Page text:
Serena Joy is neither serene nor joyful. Then again, Serena Joy isn't her real name. In a novel full of characters referred to by pseudonyms, Serena Joy seems to stand out because she's chosen her own: "Serena Joy" was her stage name. The narrator writes:
With everything to choose from in the way of names, why did she pick that one? Serena Joy was never her real name, not even then. Her name was Pam. (8.21)
That assertion is later undermined in the "Historical Notes" by one of the professors, who observes that neither of the men they think could have been the Commander had a wife with the name Serena Joy. Instead, it "appears to have been a somewhat malicious invention by our author" (Historical Notes.39). Well, the narrator had to amuse herself somehow, right?
Serena Joy has led a past life as a Gospel star and homemaking advocate. The narrator can remember a time when, young and beautiful, she sang and cried on cue on her Gospel television show. Later she becomes a motivational speaker:
Her speeches were about the sanctity of the home, about how women should stay home. Serena Joy didn't do this herself, she made speeches instead, but she presented this failure of hers as a sacrifice she was making for the good of all. (8.21)
Now she's no longer famous. She's stuck at home—in a kind of poetic justice, as the narrator points out (8.24)—and all she can do is knit, despite the fact that her hands are breaking down.
Serena Joy has no problem asking the narrator to betray the Commander and break the law by having sex with Nick so she has a better chance of becoming pregnant. But when she finds out that the narrator has broken other rules with the Commander, she's furious. She doesn't blame the Commander, just the narrator, even though the Commander is the one who started the affair. Perhaps Serena Joy can't afford to make accusations against the Commander. Still, her comment to the narrator is telling:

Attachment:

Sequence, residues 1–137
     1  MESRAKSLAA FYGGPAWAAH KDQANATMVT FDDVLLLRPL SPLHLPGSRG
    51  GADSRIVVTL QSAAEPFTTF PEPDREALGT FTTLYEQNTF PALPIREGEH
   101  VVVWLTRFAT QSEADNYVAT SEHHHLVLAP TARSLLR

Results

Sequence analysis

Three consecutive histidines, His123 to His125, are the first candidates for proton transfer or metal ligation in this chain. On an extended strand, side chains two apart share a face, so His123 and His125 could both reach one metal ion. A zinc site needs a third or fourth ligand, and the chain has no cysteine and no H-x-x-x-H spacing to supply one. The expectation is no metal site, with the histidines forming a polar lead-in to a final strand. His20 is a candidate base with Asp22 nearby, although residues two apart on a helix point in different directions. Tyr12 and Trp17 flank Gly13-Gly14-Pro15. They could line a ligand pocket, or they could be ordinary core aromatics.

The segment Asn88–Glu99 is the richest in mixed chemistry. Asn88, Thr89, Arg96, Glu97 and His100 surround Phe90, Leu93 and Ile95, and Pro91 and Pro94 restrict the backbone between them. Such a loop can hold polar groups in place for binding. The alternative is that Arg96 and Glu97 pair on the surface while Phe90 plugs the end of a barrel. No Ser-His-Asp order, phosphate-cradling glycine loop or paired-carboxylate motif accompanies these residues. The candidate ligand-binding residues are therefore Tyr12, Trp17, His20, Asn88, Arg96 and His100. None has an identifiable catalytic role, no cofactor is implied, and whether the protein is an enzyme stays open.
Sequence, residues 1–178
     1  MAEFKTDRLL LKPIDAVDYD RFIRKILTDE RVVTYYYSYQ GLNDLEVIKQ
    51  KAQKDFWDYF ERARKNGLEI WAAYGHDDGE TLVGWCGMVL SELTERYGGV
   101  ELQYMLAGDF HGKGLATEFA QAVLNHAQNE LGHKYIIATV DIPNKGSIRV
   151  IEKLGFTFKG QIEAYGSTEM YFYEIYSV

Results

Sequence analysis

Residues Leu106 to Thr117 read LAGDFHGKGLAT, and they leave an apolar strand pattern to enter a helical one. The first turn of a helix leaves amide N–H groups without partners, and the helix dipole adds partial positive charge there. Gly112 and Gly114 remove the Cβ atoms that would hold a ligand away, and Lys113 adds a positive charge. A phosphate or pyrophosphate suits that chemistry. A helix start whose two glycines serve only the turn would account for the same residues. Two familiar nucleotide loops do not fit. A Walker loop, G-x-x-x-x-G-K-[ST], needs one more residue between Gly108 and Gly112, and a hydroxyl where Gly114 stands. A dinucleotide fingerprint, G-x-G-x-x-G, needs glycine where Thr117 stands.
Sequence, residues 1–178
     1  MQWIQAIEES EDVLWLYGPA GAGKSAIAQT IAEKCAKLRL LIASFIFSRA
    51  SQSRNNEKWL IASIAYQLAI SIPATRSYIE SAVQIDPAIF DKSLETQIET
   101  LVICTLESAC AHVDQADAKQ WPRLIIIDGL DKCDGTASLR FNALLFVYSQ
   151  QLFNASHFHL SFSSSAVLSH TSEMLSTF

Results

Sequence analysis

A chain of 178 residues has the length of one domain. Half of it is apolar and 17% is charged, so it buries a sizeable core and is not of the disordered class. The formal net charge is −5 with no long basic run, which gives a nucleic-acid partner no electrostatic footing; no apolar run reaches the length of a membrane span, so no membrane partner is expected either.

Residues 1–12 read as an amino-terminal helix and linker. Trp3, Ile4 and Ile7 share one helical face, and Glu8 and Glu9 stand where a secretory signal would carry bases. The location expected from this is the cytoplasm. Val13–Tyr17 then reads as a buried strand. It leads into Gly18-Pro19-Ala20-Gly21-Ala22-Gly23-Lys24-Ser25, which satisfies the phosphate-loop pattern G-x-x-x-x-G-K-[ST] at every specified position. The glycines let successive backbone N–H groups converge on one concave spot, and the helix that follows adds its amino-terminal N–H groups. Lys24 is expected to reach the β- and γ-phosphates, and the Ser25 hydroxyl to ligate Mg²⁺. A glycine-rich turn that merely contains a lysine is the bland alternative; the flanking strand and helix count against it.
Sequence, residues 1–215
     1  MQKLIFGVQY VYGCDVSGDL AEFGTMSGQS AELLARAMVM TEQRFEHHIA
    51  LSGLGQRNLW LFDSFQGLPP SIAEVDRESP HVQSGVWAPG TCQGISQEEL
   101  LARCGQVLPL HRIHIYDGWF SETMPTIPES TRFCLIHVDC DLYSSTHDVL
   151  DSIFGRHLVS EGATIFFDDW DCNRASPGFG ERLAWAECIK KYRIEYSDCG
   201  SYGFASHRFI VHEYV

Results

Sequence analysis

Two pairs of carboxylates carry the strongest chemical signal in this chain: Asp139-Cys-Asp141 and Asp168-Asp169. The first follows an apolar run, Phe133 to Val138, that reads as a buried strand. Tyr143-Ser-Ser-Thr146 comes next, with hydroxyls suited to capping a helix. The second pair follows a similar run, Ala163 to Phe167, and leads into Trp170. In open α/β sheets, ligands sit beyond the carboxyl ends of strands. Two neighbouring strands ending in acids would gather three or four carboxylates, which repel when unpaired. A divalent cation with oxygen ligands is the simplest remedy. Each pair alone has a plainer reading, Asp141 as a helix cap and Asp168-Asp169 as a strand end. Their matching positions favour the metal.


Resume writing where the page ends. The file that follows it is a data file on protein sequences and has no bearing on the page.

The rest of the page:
"Behind my back," she says. "You could have left me something." Does she love him, after all? (44.17)
With these statements—which lead the narrator to marvel at the possibility that Serena Joy could actually have feelings for the Commander—Serena Joy accuses the narrator of stealing "something" from her. Originally, though, that's what the narrator had wanted to do: steal a daffodil or a knife, something to remind herself of who she is. And the narrator admits that by spending time with the Commander, she does take something from Serena Joy:
I felt I was an intruder, in a territory that ought to have been hers. [...] I was taking something away from her, although she didn't know it. I was filching. (26.6)
Well at least Serena Joy, unlike most of the women in the novel, still has something left to take. Any outsider would see the narrator as the victim here. But after one of her humiliating sex acts with the Commander and Serena, the narrator stops to reflect, "Which of us is it worse for, her or me?" (16.21). We never know whether Serena Joy pauses to consider the same.